Tonight Tony was talking on the phone with a friend and veteran who was facing another season of cheer and trying to simply get through it and keeping his emotions/temper in check. During the conversation Tony mentioned that it was this time of year when he was in Vietnam and severely wounded. He lost many of his men during a horrendous battle and later spent months in various military hospitals trying to heal from his injuries. All these decades later it is not the physical wounds that test him the most. It is the emotional aches that make the holiday season taxing. Instead of all the Ho, Ho, Ho,….. I know that certain days he wants to scream, No, No, No More!!!
For years I had no idea of what he faced or continued to face. My delight during this time of year only exacerbated his loss thus causing more than one argument. Now that we both know better, we finally do better. I try to be a bit calmer in front of him, and he tries to take better care of his emotional needs by having more quiet time, going on long walks or taking Bailey pheasant hunting. And both of us focus on counting our blessings.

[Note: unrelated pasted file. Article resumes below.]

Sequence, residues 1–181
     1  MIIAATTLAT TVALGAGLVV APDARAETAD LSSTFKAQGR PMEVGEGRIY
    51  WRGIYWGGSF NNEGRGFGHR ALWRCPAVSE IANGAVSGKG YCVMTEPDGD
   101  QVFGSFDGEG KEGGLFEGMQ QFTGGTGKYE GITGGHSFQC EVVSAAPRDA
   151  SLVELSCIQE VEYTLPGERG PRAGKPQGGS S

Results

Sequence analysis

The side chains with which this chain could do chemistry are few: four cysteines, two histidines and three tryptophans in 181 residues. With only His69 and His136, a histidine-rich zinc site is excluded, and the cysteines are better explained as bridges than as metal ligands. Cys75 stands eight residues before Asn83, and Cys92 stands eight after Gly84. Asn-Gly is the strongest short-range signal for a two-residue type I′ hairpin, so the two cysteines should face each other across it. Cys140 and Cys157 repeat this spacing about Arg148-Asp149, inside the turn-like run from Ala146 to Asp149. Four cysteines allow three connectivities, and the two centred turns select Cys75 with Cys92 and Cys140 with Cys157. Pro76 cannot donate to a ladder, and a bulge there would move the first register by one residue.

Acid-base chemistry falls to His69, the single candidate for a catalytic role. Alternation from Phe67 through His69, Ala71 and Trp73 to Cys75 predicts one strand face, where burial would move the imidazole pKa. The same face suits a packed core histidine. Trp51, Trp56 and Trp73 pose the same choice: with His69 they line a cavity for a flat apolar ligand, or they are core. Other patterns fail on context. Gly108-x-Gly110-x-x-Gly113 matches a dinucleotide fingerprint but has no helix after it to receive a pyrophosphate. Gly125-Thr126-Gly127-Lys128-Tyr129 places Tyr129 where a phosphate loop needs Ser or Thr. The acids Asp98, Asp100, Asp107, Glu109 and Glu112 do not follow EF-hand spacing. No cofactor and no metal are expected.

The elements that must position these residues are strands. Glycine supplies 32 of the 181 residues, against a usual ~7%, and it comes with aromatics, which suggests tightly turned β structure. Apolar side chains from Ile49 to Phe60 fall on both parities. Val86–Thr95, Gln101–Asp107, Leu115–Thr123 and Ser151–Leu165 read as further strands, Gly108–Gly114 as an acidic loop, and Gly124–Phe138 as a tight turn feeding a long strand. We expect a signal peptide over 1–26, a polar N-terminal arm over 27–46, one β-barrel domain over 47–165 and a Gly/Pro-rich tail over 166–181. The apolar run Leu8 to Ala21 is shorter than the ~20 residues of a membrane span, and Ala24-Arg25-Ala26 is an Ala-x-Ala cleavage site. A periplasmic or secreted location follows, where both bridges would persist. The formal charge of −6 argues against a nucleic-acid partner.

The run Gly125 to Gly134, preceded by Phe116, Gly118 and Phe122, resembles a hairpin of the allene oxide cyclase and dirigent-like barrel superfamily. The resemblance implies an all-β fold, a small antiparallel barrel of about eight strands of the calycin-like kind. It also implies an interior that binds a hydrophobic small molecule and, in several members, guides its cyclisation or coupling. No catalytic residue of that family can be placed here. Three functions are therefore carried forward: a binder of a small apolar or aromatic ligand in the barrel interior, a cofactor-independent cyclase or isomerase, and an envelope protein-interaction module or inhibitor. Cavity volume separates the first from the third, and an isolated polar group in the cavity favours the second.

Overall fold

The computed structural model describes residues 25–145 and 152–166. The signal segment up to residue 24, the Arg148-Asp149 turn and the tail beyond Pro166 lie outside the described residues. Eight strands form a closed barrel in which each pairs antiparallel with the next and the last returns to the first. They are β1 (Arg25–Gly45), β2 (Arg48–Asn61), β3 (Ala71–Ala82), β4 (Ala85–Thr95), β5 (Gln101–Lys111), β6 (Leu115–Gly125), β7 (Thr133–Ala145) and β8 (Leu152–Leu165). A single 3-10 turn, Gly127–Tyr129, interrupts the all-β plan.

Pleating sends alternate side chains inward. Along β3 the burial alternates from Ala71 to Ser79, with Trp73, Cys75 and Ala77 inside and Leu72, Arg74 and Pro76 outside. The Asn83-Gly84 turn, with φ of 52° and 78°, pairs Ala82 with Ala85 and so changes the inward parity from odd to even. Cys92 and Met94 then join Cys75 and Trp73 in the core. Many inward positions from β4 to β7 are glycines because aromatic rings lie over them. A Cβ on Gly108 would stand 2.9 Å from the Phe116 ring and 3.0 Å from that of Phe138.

We’ll be darned if we let the PTS Grinch steal Christmas ever again.
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Tony & Janet Seahorn
Filed Under American Patriotism, Bless Our Troops, Chrisrmas, Christmas, Combat PTSD, Dream, Holiday Season, Holidays, Tears of a Warrior, Tears of Joy | Comments Off on YES, MY DEAR VETERAN, THERE IS A SANTA CLAUS
by Janet J. Seahorn, Ph.D
“Nobody can conceive or imagine all the wonders there are unseen and unseeable in the world.”
Francis P. Church